Warning: This piece contains very mild spoilers over the kind of content seen, not the plot itself.
I’ve just been thrown around, sprayed with water, hissed at and smacked my head twice while I’m trying to watch the new Avengers: Infinity War film.
Not only that, I paid a rather large amount of money to, essentially, try and watch a film while on a rollercoaster.
That’s the effect you get with the new wave of 4DX cinemas that are slowly inching their way across the globe, designed to be a more immersive and, well, alternative way of watching cinema.
The cinema is kitted out with smoke machines, strobe lights, mechanical chairs that move in all directions and provide haptic feedback, as well as water and bubble fountains – all synchronised perfectly with the film.
It’s… erm… interesting. If you’re the sort of person who likes to snuggle down in the dark, ready to be transported to a new world, the modern version of ‘are you sitting comfortably…?’ then this is not going to be the cinema experience for you.
What the actual…
I enter the cinema in Leicester Square, London, a few minutes late, being left to queue for ice cream (me and my fellow watcher would soon learn that said choice of snack was a mistake).
I should have known what to expect when a couple walking in in front of me were told to go back and get cups with lids, as their open choice of beverage would not last in the cinema.
As I walk in, the new Jurassic World trailer is playing and people are literally being bounced around in their seats. As someone who hates rides at theme parks, this doesn’t bode well.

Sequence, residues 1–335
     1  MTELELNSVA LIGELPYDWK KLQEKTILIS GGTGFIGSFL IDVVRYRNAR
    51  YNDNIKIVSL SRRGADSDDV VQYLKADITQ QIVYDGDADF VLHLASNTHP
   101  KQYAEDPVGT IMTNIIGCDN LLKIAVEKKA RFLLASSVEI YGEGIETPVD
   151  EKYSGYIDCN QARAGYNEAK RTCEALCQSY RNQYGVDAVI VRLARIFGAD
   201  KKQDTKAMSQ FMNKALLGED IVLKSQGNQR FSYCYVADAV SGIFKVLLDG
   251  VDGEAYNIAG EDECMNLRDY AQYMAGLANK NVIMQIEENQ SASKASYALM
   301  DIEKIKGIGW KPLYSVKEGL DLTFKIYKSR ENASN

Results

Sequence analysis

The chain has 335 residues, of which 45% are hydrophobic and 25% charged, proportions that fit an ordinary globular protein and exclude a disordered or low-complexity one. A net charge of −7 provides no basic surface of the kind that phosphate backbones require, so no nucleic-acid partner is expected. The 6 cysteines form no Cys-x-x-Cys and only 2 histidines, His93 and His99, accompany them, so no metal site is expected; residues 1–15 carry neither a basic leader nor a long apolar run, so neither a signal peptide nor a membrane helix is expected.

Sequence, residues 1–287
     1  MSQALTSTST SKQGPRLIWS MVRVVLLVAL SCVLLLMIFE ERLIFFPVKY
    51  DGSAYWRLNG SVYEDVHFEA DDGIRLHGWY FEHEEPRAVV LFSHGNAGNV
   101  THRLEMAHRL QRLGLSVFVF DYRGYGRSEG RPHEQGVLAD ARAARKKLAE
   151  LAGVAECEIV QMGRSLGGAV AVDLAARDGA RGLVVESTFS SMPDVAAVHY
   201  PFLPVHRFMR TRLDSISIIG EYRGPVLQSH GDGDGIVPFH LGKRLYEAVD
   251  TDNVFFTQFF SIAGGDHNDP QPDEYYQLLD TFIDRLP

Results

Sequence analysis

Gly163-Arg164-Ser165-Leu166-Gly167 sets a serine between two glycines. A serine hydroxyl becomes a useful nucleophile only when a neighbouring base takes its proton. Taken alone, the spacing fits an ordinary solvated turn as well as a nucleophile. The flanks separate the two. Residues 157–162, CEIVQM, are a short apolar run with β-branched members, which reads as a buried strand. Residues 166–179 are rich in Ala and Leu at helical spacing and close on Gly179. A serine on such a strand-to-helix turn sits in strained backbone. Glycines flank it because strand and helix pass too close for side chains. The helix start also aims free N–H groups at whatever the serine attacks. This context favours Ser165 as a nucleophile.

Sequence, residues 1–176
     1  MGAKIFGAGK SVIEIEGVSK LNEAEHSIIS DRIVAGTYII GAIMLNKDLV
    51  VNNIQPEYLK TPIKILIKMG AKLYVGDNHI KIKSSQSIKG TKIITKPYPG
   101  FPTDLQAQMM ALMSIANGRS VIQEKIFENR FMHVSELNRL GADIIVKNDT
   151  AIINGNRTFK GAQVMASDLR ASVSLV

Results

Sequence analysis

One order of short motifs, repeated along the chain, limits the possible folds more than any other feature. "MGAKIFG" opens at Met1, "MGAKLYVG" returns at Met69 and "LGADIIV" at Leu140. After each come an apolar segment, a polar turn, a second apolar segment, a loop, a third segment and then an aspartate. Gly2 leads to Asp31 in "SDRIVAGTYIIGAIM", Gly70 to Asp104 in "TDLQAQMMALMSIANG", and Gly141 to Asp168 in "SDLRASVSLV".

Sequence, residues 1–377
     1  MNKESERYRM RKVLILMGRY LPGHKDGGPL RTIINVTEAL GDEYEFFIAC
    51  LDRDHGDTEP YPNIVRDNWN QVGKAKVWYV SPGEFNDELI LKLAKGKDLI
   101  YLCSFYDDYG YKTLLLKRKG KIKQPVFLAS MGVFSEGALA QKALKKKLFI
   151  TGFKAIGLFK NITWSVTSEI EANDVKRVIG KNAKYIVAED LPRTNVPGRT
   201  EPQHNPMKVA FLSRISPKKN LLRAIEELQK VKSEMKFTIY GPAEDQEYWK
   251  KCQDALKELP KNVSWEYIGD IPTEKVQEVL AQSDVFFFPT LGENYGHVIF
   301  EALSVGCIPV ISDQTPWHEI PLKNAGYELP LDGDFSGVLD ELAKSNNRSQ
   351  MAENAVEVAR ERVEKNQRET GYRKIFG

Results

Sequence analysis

I finally managed to jump into my seat (which is tough when it’s flinging itself around) and… I don’t like it. Every word, sound, explosion or movement on the screen is accompanied by the chair slinging itself from side to side, with wind, lights flashing and bits of the backrest attacking me instantly.
It’s pretty violent, and I wonder how bad it’s going to look if I have to slink out of the cinema, whispering ‘No, no, it’s too scary…’.
Thankfully, once the actual movie starts, there’s far less motion from the seats, the violence confined mostly to the high action scenes.
Even out of these moments, there’s still movement though. Someone getting stabbed, grabbed or thrown will lead to the same sensation being shoved into your back, the chair lurching slightly or the backs of your legs feeling vibrations.
There are even subler moments too: floating through space or the camera turning upwards to look to the sky sees the chairs mimic the same slow action, and it’s in these moments where the 4DX really excels.
Where the movements or actions are subtle, the immersion is really enhanced. Characters flying through the sky and the wind flowing towards you really adds to the overall effect, making you feel like you’re more in the moment.
Apparently smell was pumped in, but I didn’t notice it… I’m hoping that it was though, as something that just flickers the senses and changes perception is what I’m after.
Brave (ish) new world
However, in the more dramatic scenes you’re not at the cinema anymore, you’re at a theme park. Trying to follow what’s happening on the screen is hard when you’re being tossed around in your seat, made to jump through loud noises and sudden motion or becoming acutely aware of the cinema you’re on when the strobe lights illuminate it for an instant.
In reality, that’s what this experience is. It’s a theme park. Cineworld, the operator of the new 4DX cinemas in the UK, calls it: “a revolutionary cinematic experience which stimulates all five senses, the 4DX includes high-tech motion seats and special effects including wind, fog, lightning, bubbles, water, rain and scents.”